The Simon Wiesenthal Center is stepping up its search for the Nazi official Aribert Heim, known as "Doctor Death," in Chile, the center's Latin American representative Sergio Widder said.
Heim has eluded Nazi hunters for more than 40 years
"We are intensifying the search," Widder told DPA news agency in Santiago, Chile on Tuesday, July 8.
There are indications that the war criminal is alive, although he would be 94 years old, Widder said.
"One indication is that his family has not cashed in on the inheritance of a 1-million-euro bank account in Berlin," Widder explained. "It would be enough for them to show a death certificate."
A "race against time"
However, he added that the chance to find Heim is "a race against time," although "it is worth the last effort."
Widder and Efraim Zuroff, director of the Jerusalem office of the Simon Wiesenthal Center, are set to travel through southern Chile and Argentina to find out more about the presence of Heim and his family. Heim's daughter lives in the Chilean city of Puerto Montt, about 1,000 kilometers (621 miles) south of Santiago.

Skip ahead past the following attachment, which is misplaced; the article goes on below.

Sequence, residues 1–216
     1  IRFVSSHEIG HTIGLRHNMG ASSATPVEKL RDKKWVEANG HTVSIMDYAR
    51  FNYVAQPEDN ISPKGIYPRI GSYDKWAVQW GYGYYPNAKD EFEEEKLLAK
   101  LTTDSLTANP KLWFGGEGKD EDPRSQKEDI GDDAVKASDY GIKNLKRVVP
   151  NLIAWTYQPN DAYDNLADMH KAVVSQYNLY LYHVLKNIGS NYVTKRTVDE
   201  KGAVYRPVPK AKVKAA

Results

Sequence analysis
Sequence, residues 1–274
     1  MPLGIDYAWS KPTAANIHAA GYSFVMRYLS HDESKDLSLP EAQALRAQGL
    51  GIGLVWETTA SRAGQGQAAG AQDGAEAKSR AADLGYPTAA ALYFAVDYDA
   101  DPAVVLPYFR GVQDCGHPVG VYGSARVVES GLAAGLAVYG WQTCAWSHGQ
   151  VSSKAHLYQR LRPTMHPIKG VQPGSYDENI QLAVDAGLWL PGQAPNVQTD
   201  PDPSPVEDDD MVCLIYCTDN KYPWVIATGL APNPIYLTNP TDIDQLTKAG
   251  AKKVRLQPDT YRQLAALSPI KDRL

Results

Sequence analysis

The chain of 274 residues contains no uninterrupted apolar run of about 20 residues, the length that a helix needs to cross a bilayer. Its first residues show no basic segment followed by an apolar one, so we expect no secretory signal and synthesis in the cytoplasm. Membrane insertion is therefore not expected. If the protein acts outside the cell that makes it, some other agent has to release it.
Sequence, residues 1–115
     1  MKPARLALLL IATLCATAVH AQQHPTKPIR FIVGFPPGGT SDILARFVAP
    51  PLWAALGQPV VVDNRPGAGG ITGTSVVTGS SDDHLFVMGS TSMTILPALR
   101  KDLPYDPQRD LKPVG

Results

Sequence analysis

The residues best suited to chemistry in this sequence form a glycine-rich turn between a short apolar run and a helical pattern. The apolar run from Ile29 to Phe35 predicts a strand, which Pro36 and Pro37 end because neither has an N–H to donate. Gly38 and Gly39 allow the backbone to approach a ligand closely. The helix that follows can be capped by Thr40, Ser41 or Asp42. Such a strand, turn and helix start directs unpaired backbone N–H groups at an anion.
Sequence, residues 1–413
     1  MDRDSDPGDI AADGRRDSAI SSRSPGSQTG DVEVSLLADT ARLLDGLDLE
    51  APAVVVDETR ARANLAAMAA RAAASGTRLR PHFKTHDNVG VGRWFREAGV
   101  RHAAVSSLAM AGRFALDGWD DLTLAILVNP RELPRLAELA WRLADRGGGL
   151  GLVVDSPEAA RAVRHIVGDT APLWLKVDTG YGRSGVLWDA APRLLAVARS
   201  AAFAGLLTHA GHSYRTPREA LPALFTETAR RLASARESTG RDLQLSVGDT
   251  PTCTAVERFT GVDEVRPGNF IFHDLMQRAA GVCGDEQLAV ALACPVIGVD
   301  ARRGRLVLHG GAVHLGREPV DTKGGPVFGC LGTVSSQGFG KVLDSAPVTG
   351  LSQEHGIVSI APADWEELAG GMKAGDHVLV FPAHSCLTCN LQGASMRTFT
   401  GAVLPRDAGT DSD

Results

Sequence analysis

Operation Last Chance was launched by the center in November 2007. The goal is to track down remaining Nazi criminals who moved to South America after World War II to avoid criminal prosecution for their war crimes.
Heim wanted for war crimes
Heim tops the list of Nazi criminals being sought around the world. He was active in the Mauthausen concentration camp in Austria, near Linz, where he allegedly killed hundreds of people during World War II through injections to the heart or in "operations" without anesthesia.
He was considered extremely cruel. Witnesses have said that he had a lamp-shade made for the camp commander out of the skin of one of his victims.
Heim, born in Austria in 1914, practiced as a gynecologist in the German town of Baden-Baden after the war, and has been a fugitive since 1962. There is an international arrest warrant against him.